A Heads-Up on Concussion

According to the Sports Concussion Institute, a concussion occurs as a result of a direct blow to the head or a whiplash effect.  It is most often defined as a head injury with a temporary loss of brain activity or function which may cause a variety of physical, emotional, and cognitive symptoms.  Because these symptoms are often very subtle, they may not be recognizable immediately following a blow.  Concussions almost always resolve within a few weeks, although symptoms may persist or cause other complications at a later time.

In the United States, the Center for Disease Control estimates that 1.7 million people experience a concussion every year.  Infants and youngsters ages 0 to 4 and teens and young adults ages 15 to 19 are at highest risk for concussion.

Symptoms of concussion may include headaches, nausea, difficulty with concentration, confusion, irritability, loss of short-term memory, appetite loss, blurred vision, slurred speech, changes in taste and smell, trouble sleeping, and decreased energy levels.

Figures from the Sports Concussion Institute estimate that approximately 53 percent of high school athletes have suffered a concussion and 36 percent of college athletes have had multiple concussions.  These concussions are considered traumatic brain injuries (TBIs), causing the head and brain to move rapidly back and forth.  This sudden movement may cause the brain to twist in the skull, causing brain cells to become damaged and changing the brain chemically.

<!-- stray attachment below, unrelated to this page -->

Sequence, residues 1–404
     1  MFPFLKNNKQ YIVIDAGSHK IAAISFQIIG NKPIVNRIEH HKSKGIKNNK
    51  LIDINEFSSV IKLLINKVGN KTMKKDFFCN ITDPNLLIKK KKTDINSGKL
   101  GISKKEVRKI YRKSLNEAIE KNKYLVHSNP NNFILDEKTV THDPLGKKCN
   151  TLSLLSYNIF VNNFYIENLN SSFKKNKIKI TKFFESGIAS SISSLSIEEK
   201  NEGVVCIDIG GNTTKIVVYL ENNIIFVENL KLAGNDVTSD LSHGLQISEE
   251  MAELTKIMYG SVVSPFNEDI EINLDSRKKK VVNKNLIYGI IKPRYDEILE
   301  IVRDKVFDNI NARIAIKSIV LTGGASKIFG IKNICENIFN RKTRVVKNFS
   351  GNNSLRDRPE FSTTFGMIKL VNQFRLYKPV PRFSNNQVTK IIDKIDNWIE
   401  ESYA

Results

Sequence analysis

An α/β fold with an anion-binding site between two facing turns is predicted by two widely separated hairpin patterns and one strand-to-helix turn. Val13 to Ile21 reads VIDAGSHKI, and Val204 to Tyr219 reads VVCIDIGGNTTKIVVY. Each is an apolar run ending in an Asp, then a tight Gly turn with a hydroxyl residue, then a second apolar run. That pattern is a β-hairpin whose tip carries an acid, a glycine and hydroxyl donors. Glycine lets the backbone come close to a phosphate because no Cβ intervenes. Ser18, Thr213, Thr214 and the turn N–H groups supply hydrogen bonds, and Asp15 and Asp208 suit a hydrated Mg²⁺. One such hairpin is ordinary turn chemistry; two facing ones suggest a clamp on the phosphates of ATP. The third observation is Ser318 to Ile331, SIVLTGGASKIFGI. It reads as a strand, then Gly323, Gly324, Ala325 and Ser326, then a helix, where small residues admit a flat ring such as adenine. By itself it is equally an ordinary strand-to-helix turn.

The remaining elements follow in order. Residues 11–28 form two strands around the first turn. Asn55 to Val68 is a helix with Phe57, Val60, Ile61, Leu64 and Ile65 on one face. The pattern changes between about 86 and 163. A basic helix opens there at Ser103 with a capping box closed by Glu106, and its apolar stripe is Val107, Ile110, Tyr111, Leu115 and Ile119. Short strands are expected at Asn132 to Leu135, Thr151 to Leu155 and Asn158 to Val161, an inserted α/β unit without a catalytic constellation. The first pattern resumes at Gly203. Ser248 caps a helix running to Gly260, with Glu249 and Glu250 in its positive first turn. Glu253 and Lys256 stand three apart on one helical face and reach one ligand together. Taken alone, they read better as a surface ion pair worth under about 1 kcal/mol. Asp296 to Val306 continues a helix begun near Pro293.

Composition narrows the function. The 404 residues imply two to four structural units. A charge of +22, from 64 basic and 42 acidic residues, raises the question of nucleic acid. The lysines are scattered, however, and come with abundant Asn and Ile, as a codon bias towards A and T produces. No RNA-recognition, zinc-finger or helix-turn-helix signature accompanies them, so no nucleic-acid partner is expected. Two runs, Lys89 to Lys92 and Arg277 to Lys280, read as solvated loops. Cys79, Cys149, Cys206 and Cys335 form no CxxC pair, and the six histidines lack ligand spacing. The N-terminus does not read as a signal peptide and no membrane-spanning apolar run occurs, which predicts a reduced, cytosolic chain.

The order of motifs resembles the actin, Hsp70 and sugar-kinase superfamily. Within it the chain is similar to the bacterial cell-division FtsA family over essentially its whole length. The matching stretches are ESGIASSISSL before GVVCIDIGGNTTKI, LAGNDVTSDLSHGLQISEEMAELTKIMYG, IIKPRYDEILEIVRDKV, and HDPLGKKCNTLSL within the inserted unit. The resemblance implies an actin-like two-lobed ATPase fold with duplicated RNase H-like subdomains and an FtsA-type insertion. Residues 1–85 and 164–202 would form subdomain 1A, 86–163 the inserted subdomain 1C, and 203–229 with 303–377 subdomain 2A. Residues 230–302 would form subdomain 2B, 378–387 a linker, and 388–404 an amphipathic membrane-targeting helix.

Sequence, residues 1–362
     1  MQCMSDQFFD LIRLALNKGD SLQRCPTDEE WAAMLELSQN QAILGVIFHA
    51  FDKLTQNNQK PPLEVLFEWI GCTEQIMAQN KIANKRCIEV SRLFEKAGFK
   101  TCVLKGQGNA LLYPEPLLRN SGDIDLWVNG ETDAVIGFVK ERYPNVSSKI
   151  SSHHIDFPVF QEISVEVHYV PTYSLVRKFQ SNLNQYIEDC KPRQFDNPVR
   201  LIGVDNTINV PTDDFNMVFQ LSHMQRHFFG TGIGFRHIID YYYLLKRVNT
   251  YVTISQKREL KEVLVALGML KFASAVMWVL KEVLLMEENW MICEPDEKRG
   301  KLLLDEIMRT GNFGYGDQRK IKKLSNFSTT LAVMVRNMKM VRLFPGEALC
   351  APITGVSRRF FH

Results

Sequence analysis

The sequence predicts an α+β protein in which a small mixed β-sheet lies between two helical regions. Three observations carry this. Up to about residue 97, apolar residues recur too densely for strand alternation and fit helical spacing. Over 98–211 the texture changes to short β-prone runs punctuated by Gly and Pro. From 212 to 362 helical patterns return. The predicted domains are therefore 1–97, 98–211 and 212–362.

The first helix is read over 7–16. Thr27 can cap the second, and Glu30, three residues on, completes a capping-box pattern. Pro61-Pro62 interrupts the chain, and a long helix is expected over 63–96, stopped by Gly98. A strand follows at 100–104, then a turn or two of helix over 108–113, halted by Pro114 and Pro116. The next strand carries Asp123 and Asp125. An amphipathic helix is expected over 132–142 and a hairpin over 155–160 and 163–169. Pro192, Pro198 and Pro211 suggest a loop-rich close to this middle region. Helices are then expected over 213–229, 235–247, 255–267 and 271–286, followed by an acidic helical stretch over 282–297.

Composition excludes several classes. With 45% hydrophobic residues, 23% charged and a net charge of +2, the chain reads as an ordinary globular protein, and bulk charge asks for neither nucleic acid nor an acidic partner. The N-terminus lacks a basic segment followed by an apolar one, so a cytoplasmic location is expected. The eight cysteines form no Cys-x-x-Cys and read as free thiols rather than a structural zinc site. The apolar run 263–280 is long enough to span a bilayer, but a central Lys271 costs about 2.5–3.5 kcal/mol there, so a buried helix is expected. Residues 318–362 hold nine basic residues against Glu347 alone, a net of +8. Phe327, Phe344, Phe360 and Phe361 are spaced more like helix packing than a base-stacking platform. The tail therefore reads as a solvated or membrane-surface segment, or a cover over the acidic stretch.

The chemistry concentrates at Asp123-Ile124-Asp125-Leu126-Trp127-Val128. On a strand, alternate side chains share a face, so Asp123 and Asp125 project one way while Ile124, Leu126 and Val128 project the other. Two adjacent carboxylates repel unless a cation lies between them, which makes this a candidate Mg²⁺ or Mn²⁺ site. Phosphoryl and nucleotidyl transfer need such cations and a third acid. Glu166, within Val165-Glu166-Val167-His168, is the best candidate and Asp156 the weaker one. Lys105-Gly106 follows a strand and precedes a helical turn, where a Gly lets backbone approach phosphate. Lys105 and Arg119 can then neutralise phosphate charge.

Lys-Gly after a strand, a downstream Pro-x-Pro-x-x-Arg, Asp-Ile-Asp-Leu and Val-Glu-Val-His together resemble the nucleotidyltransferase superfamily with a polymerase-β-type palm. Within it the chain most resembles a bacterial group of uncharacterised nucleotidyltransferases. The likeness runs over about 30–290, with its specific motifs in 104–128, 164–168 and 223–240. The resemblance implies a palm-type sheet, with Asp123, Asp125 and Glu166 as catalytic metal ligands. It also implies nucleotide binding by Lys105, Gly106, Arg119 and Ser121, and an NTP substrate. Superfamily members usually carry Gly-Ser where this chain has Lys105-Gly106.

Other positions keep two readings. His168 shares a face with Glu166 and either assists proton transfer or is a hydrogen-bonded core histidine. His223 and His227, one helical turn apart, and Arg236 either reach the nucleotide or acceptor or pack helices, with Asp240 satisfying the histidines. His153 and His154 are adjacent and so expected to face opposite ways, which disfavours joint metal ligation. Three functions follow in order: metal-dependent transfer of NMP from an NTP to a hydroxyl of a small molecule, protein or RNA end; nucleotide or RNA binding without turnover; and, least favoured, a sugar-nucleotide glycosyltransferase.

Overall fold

Most concussions are not life-threatening, but the effects that they create can be serious.  Teens and children who receive blows to the head caused by sports injuries, car accidents, falls, or being struck on the head may say that they just “don’t feel right” after the traumatic event.  There are certain signs or symptoms however that would warrant more extensive examination.  These include the following:

  • Appearing stunned or dazed after the inciting event
  • Moving very slowly or awkwardly
  • Losing consciousness (even for a short period of time)
  • Is not able to recall events prior to or after the fall or blow
  • Speaks and answers questions slowly
  • Exhibits changes in behavior, mood, or personality
  • Vomiting or feeling of nausea
  • Dizziness or problems with balance
  • Feeling groggy or sluggish
  • Are bothered by noise or light
  • Memory problems or confusion
  • Drowsiness or inability to wake up
Some of these symptoms may not show up for hours or even days after the trauma. Teens and children should always be seen by healthcare providers, especially if symptoms worsen or persist. Often the provider will order a CT scan of the brain to look for signs of more serious injury to the brain. They may perform neuropsychological or neurocognitive tests to assess memory skills, concentration, and problem-solving abilities.   All of these types of tests will help the healthcare provider assess the effects of the concussion.
Prevention for concussions includes wearing seat belts; helmets for certain sports activities including biking, in-line skating, motorcycle riding, horseback riding, football; and avoiding hits to the head. Helmets should be well maintained and age-appropriate. Even when worn correctly and consistently however helmets are not concussion-proof and provide only a limited amount of protection.

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